UC San Diego alumna Tanya Menendez is revolutionizing manufacturing. The online company Maker’s Row, founded in 2012 by Menendez and partner Matthew Burnett, quickly became a go-to source for the maker movement, connecting DIY artists to professional manufacturers throughout the United States. Design, materials, samples, production, packaging … Maker’s Row includes it all, giving entrepreneurs—like Menendez herself—a safe place to start.
You could say Maker’s Row came about out of sheer frustration. Menendez, a 2009 Department of Sociology graduate in the Division of Social Sciences, left a job at Goldman Sachs to help Burnett manage sales and operations for The Brooklyn Bakery, a leather goods line Burnett was getting off the ground.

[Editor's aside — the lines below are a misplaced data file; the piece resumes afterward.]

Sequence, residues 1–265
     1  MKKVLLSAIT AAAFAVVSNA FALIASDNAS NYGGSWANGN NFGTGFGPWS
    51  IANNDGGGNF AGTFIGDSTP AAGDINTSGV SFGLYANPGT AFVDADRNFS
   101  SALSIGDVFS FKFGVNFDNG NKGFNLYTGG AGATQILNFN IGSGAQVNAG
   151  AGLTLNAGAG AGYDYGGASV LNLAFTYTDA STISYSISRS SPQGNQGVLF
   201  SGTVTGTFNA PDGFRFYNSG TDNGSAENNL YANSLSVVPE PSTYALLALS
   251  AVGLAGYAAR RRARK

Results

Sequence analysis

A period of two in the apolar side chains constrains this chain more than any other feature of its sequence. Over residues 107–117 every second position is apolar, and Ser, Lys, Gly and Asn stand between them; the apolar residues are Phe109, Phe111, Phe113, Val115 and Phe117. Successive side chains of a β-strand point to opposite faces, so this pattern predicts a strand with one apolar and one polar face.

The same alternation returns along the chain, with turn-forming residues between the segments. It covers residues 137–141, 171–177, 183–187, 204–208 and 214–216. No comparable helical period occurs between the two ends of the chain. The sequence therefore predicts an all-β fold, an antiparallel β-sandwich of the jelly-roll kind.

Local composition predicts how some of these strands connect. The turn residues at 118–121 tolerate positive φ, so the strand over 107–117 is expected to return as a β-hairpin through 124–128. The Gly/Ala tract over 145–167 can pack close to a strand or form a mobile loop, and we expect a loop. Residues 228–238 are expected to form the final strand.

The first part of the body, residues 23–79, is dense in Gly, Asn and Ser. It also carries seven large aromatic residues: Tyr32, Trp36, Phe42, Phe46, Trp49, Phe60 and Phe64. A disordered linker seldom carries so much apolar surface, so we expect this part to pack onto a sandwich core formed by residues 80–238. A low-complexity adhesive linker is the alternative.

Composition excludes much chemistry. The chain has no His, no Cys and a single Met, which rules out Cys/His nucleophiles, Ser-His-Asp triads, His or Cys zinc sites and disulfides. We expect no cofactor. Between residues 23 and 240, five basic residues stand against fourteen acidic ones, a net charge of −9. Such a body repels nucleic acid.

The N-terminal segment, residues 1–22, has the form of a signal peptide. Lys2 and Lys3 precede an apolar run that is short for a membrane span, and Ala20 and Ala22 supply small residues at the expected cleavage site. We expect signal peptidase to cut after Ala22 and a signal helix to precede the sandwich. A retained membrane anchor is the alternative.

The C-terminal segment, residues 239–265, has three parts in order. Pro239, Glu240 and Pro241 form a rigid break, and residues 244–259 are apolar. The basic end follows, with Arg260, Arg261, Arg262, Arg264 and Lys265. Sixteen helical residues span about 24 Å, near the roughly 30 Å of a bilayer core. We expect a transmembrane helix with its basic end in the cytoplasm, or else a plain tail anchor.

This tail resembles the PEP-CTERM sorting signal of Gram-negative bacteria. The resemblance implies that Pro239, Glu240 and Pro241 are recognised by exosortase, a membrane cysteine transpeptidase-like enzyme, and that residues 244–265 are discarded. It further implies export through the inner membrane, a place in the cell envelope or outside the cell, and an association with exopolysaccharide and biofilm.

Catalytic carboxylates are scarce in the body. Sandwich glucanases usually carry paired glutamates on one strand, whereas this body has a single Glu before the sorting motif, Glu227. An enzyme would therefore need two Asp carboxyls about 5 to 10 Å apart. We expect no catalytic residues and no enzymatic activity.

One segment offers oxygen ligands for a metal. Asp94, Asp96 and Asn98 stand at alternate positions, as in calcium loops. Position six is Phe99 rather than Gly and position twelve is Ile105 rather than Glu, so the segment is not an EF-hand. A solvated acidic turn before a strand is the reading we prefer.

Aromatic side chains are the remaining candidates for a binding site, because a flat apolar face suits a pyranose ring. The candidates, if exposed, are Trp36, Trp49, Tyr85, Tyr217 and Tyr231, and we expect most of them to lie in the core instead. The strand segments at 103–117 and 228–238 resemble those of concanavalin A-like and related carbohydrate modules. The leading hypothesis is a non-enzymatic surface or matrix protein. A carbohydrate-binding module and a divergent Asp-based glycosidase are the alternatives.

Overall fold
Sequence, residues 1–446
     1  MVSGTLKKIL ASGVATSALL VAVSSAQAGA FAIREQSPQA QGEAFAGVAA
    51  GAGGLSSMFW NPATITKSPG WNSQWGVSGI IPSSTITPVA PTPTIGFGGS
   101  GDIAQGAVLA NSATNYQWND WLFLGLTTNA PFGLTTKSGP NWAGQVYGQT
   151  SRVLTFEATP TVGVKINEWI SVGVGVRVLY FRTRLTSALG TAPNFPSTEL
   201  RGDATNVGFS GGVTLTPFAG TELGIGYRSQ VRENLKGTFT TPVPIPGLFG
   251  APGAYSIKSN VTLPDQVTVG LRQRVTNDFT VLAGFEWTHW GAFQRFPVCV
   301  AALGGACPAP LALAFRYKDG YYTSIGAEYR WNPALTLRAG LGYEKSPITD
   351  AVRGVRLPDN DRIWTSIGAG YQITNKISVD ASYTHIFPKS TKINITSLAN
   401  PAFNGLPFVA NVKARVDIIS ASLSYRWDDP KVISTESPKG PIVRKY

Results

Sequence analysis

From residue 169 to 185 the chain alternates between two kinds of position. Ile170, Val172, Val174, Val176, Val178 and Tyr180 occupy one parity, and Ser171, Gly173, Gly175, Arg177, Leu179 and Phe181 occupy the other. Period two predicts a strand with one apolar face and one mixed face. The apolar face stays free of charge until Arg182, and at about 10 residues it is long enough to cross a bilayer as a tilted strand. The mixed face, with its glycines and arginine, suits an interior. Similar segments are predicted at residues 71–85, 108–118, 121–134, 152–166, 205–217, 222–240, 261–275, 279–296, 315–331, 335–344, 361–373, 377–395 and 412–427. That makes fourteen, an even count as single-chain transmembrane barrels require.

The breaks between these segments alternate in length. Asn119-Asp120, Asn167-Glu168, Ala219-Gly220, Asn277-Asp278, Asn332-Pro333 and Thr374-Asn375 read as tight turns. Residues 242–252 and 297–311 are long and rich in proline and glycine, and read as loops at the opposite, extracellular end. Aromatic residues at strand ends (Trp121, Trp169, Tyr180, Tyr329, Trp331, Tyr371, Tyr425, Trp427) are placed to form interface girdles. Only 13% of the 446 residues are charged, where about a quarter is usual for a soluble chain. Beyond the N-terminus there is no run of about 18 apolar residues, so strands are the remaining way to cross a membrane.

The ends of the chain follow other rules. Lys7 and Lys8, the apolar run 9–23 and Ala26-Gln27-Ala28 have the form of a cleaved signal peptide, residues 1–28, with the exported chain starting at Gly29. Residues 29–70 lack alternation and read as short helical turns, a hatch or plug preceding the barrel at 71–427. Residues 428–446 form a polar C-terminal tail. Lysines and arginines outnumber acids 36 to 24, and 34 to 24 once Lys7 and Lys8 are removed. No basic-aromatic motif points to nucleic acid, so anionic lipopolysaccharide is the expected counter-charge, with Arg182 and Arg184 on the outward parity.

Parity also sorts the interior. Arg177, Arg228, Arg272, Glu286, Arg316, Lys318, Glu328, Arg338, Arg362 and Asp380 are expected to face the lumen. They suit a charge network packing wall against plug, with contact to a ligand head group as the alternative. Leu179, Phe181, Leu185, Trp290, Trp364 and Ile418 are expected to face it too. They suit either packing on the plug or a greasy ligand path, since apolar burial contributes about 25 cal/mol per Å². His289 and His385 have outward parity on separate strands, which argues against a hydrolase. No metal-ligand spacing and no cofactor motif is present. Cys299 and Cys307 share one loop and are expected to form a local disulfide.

A hit with retailers, the business needed to expand, but the pair couldn’t find the manufacturers that fit their needs. Here they were, a small startup with big potential but no way to connect with the right companies to make that vision a reality.
“The biggest setback we had,” Menendez wrote in a blog post explaining the start of Maker’s Row, “was that the process of finding a factory in the USA was really challenging. We literally walked up and down the garment district in Manhattan and knocked on doors. … It would take months to find the right factory.”
"Access to domestic manufacturing should not be this difficult"